The Emerging Circadian Phenotype of Borderline Personality Disorder: Mechanisms, Opportunities and Future Directions.
McGowan NM., Saunders KEA.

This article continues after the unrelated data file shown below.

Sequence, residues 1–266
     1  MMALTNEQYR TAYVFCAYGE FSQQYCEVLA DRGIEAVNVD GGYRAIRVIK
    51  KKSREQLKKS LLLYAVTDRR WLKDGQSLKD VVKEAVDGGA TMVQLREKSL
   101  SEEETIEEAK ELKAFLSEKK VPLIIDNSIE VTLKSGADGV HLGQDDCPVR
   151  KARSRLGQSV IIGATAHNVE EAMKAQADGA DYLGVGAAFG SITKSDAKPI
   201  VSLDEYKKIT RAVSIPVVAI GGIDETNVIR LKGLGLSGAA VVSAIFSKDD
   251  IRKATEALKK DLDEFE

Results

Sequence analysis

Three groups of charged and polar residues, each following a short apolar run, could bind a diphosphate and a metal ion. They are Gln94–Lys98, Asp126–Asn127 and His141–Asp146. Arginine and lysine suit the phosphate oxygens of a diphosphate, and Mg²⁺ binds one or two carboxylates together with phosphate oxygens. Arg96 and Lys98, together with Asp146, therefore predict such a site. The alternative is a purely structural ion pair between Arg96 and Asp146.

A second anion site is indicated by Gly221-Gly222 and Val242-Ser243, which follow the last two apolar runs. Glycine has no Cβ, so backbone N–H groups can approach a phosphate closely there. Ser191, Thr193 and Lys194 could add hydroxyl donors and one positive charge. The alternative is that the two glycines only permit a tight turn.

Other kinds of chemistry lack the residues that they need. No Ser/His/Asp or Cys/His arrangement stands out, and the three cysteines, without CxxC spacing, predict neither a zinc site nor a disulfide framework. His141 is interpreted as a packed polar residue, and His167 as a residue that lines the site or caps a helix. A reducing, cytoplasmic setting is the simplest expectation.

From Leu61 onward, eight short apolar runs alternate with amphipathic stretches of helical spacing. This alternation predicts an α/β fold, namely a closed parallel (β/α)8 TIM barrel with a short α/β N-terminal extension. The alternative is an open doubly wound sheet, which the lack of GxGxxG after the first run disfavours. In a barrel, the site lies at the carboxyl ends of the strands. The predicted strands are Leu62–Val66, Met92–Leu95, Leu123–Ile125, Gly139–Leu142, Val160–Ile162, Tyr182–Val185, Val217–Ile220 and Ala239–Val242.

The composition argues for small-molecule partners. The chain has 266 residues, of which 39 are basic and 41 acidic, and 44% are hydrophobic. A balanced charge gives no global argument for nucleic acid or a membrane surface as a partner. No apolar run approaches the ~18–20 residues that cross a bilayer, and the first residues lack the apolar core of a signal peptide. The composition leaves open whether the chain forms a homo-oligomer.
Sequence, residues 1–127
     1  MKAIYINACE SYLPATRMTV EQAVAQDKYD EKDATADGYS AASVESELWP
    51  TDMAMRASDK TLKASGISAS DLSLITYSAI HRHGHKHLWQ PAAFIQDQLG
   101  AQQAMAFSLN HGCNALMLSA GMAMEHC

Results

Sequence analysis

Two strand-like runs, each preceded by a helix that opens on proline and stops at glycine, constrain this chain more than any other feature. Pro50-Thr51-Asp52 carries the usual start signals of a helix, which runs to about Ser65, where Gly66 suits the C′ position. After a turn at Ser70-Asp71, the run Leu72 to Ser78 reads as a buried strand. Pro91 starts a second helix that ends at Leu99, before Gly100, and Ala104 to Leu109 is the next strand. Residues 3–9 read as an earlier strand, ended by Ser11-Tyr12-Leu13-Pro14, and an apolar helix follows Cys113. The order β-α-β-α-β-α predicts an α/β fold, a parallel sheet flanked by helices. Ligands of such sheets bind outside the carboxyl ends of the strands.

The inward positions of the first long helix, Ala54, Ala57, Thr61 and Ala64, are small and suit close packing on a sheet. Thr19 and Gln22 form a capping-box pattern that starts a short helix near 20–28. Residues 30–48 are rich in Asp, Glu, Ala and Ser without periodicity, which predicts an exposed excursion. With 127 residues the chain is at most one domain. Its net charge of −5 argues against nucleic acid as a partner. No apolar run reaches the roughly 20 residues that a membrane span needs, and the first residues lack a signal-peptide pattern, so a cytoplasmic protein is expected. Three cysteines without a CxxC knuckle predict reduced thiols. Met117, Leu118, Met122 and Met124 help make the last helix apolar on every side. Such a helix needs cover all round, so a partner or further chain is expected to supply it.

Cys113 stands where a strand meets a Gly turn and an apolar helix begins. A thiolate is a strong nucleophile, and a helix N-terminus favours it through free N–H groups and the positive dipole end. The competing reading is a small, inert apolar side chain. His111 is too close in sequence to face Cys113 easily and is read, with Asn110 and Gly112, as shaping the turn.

PURPOSE OF REVIEW: We review the recent evidence suggesting that circadian rhythm disturbance is a common unaddressed feature of borderline personality disorder (BPD); amelioration of which may confer substantial clinical benefit. We assess chronobiological BPD studies from a mechanistic and translational perspective and highlight opportunities for the future development of this hypothesis. RECENT FINDINGS: The emerging circadian phenotype of BPD is characterised by a preponderance of comorbid circadian rhythm sleep-wake disorders, phase delayed and misaligned rest-activity patterns and attenuated amplitudes of usually well-characterised circadian rhythms. Such disturbances may exacerbate symptom severity, and specific maladaptive personality dimensions may produce a liability towards extremes in chronotype. Pilot studies suggest intervention may be beneficial, but development is limited. Endogenous and exogenous circadian rhythm disturbances appear to be common in BPD. The interface between psychiatry and chronobiology has led previously to novel efficacious strategies for the treatment of psychiatric disorders. We believe that better characterisation of the circadian phenotype in BPD will lead to a directed biological target for treatment in a condition where there is a regrettable paucity of accessible therapies.